For example, you might see housework as a communal-sharing function, while
your spouse approaches it as equality-matching. Neither is wrong, yet you still
end up angry or guilty when the laundry isn't done.
The same problem can afflict whole societies, as Fiske described to me
recently. "The Danes pride themselves on being fair," he said. "They can't
understand why they don't get along with their Middle Eastern immigrants."
But Fiske does: "The immigrants expect authority ranking. The Danes expect
strict equality matching. Each side sees people constantly violating the
But what is particularly interesting is the role of market pricing, which
Fiske speculates might have been the last to evolve in our prehistoric
It makes sense. For hunter-gatherers in small bands, sharing, matching and
ranking were probably as fundamental to survival as eating and breeding. But
market pricing involves complex choices based on mathematical ratios.
"It's the difference between addition and subtraction on one hand,
multiplication and division on the other," Fiske says.
Commerce and global trade, of course, require a finely honed version of the
market-pricing model. But if humans developed this model relatively late, it
might well be less than universal, even today.
In other words, to have an intuitive grasp of economics, you might just need
to take a step or two up the evolutionary ladder.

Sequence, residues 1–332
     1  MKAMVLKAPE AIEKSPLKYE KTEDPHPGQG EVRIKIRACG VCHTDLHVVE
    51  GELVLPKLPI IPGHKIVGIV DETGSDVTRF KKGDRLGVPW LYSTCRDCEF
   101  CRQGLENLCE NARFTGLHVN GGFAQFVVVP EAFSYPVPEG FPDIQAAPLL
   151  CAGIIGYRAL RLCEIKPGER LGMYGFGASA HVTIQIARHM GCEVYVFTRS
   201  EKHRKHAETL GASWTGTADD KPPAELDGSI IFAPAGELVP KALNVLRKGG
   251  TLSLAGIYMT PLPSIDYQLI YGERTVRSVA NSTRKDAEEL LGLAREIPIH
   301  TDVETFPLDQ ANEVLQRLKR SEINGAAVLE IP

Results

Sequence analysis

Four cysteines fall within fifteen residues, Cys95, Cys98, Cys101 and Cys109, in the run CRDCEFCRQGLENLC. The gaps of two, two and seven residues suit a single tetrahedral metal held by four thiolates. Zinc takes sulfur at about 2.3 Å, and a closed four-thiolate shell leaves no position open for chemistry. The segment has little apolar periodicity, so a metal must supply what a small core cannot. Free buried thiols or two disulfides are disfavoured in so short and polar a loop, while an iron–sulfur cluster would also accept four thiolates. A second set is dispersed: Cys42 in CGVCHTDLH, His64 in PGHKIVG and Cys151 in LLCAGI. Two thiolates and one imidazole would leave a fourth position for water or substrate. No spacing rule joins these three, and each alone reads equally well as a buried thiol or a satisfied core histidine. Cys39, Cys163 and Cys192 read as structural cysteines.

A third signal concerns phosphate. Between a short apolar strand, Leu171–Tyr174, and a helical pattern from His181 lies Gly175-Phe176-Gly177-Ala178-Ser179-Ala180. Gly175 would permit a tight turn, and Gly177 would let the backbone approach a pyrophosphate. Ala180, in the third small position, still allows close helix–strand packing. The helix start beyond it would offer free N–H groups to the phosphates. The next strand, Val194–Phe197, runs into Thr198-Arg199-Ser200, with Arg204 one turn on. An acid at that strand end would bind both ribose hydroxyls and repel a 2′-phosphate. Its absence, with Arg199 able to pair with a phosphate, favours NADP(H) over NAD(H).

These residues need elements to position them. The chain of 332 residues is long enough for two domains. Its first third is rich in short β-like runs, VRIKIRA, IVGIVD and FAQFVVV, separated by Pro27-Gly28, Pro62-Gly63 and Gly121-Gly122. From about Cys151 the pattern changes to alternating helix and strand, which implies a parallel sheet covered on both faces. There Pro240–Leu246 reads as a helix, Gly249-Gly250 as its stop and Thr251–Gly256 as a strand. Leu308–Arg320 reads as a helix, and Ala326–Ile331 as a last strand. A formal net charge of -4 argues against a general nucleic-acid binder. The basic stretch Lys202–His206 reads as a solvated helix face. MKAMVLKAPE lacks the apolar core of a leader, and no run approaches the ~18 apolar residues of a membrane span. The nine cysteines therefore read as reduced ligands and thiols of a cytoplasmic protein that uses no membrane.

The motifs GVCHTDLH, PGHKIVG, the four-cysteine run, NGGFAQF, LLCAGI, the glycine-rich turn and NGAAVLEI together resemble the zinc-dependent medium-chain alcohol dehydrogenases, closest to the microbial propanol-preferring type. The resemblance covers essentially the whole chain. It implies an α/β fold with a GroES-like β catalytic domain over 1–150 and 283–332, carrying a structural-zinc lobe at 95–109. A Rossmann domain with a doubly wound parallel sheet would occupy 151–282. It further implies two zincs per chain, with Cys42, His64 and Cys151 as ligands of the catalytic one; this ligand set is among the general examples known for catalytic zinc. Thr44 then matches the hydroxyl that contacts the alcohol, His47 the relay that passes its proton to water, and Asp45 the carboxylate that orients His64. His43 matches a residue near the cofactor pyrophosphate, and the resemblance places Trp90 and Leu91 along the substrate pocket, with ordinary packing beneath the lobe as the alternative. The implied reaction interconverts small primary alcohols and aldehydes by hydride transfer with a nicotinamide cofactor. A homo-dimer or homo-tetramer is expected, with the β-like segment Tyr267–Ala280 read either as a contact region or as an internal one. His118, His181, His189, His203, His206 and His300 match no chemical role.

Posted by Mark Thoma on Sunday, November 26, 2006 at 03:06 AM in Economics |
We hear a lot about the overly generous European welfare state. How generous is it? I'll let you decide in the case of Germany. Germany has defined the minimum monthly amount needed to subsist, €345 per
month (approximately $450, or, about $15 per day) plus rent and heating:
the Price of Life?, by Max Henninger, Spiegel Online International: How much
cash does a person need to survive? Germany's welfare institutions have
calculated a precise answer, now confirmed in a decision by the Federal Social
Court: €345 per month is officially considered the minimum subsistence income,
rent and heating not included.
Continue reading "Just Enough to Live On" »
Posted by Mark Thoma on Sunday, November 26, 2006 at 02:34 AM in Economics |
Executive compensation is often set through comparisons to peer groups. But
how are the peers chosen? Does the process yield defensible compensation levels?:
Peer Pressure: Inflating Executive Pay, by Gretchen Morgenson, NY Times:
Like Lake Wobegon, Garrison Keillor’s fictitious Minnesota town where all the
children are above average, executive compensation practices often assume that
corporate managers are equally superlative. When shareholders question lush pay,
they are invariably met with a laundry list of reasons that businesses use to
justify such packages. Among that data, no item is more crucial than the “peer
group,” a collection of companies that corporations measure themselves against
when calculating compensation.
But according to a handful of pay experts..., many of these peer groups are
populated with companies that are anything but comparable. They also say
corporate managers themselves ... are selecting which companies make it into a
peer group. And because these companies are often inappropriate for comparison
purposes, their use has helped inflate executive pay in recent years. ...
Continue reading "Where All the Peers Are Above Average..." »
Posted by Mark Thoma on Saturday, November 25, 2006 at 02:48 PM in Economics, Income Distribution, Market Failure |
The San Francisco Fed assesses the chance of a recession and finds that
"while the probability of a recession over the next year may now be somewhat
elevated, it does not appear to be nearly as high as the yield curve suggests":